Nov. 16 (Bloomberg) -- Heating oil fell to a five-day low as Brent crude’s premium to West Texas Intermediate narrowed and U.S. demand declined last week.
Futures sank as Brent’s lower value reduced costs for East Coast refineries, which primarily use oil priced versus the European benchmark. The Energy Department reported that diesel and heating oil demand slipped to a four-week low. Heating oil’s premium to gasoline narrowed for a second day after reaching a three-year high.
“The Brent/WTI spread came off and people are getting out of that heat-to-gas spread,” said Dominick Chirichella, senior partner at the Energy Management Institute in New York.
December-delivery heating oil declined 3.67 cents, or 1.2 percent, to settle at $3.1346 a gallon on the New York Mercantile Exchange. Prices have gained 12 percent since the end of September, after falling the previous two quarters.
Heating oil’s premium over gasoline narrowed to 50.73 cents from 58.56 cents yesterday. The spread reached 62.69 cents on Nov. 14, the widest since November 2008.
The gap between Brent and WTI tightened 27 percent to $9.28 a barrel, the smallest spread since March 8 and down from a record high of $27.88 on Oct. 14.
Demand for industrial, trucking and home-heating fuels fell 173,000 barrels to 4.19 million barrels a day in the week ended Nov. 11, according to department data. On a four-week average, consumption was 5.1 percent higher than a year earlier.
Stockpiles of heating oil and diesel declined 2.14 million barrels in the seven days ended Nov. 11 to 133.7 million, the lowest level since December 2008.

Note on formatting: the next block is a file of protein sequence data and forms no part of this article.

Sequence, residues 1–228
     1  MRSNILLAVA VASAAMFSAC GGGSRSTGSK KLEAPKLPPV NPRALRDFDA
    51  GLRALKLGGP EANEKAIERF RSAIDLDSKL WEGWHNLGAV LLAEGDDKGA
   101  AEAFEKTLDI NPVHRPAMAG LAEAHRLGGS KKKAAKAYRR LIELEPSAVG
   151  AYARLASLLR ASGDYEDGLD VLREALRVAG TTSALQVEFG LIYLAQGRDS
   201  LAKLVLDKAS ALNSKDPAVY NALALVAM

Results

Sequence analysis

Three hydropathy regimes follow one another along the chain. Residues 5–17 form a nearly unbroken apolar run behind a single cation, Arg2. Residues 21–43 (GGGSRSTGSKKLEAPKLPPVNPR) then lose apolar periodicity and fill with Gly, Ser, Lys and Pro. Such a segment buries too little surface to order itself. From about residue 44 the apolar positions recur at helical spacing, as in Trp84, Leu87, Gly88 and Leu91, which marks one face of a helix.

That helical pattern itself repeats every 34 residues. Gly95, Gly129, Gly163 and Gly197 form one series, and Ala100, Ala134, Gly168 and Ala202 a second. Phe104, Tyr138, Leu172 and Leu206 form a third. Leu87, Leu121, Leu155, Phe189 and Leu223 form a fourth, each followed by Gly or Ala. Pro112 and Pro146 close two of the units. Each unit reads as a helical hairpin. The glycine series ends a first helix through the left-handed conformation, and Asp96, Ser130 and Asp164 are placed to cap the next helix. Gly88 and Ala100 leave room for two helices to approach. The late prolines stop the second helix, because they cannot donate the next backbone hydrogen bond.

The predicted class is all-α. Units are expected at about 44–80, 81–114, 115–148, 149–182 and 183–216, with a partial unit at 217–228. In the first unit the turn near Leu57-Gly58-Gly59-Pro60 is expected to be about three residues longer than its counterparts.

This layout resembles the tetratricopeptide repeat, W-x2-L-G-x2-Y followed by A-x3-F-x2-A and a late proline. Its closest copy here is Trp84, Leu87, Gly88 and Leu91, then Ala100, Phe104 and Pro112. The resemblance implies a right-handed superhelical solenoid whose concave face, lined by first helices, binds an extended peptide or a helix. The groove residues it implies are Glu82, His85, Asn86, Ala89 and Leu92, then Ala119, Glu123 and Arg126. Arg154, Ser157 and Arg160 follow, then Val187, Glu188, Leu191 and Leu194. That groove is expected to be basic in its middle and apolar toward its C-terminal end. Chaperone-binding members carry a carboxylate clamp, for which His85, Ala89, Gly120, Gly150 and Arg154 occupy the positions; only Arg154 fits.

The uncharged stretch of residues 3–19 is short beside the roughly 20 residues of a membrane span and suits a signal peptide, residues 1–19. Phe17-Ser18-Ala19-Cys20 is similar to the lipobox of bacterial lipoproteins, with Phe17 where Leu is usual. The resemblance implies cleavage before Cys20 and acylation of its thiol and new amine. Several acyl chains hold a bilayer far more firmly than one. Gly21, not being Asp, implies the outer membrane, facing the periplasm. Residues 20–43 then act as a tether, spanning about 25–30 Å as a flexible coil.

Inventories of gasoline rose 992,000 barrels to 205.2 million barrels.
Gasoline demand, or deliveries to wholesalers, fell 0.5 percent to 8.63 million barrels a day. On a four-week average, gasoline consumption was 5.7 percent below a year earlier.
“The fundamentals are neutral at best,” said Sander Cohan, an analyst with Energy Security Analysis Inc. in Wakefield, Massachusetts.
Gasoline for December delivery rose 4.16 cents, or 1.6 percent, to settle at $2.6273 a gallon on the exchange.
Industrial production in the U.S. climbed 0.7 percent in October, figures from the Federal Reserve showed today. This follows reports yesterday that U.S. retail sales increased last month and as manufacturing in the New York region unexpectedly expanded in November.
“Signs that the economy is improving a little are bullish for oil and gasoline,” Flynn said.
Regular gasoline at the pump, averaged nationwide, fell 0.9 cent to $3.402 a gallon yesterday, according to AAA data.
--With assistance from Mark Shenk in New York, Alex Kowalski in Washington and Jennifer Ryan in London. Editors: David Marino, Charlotte Porter
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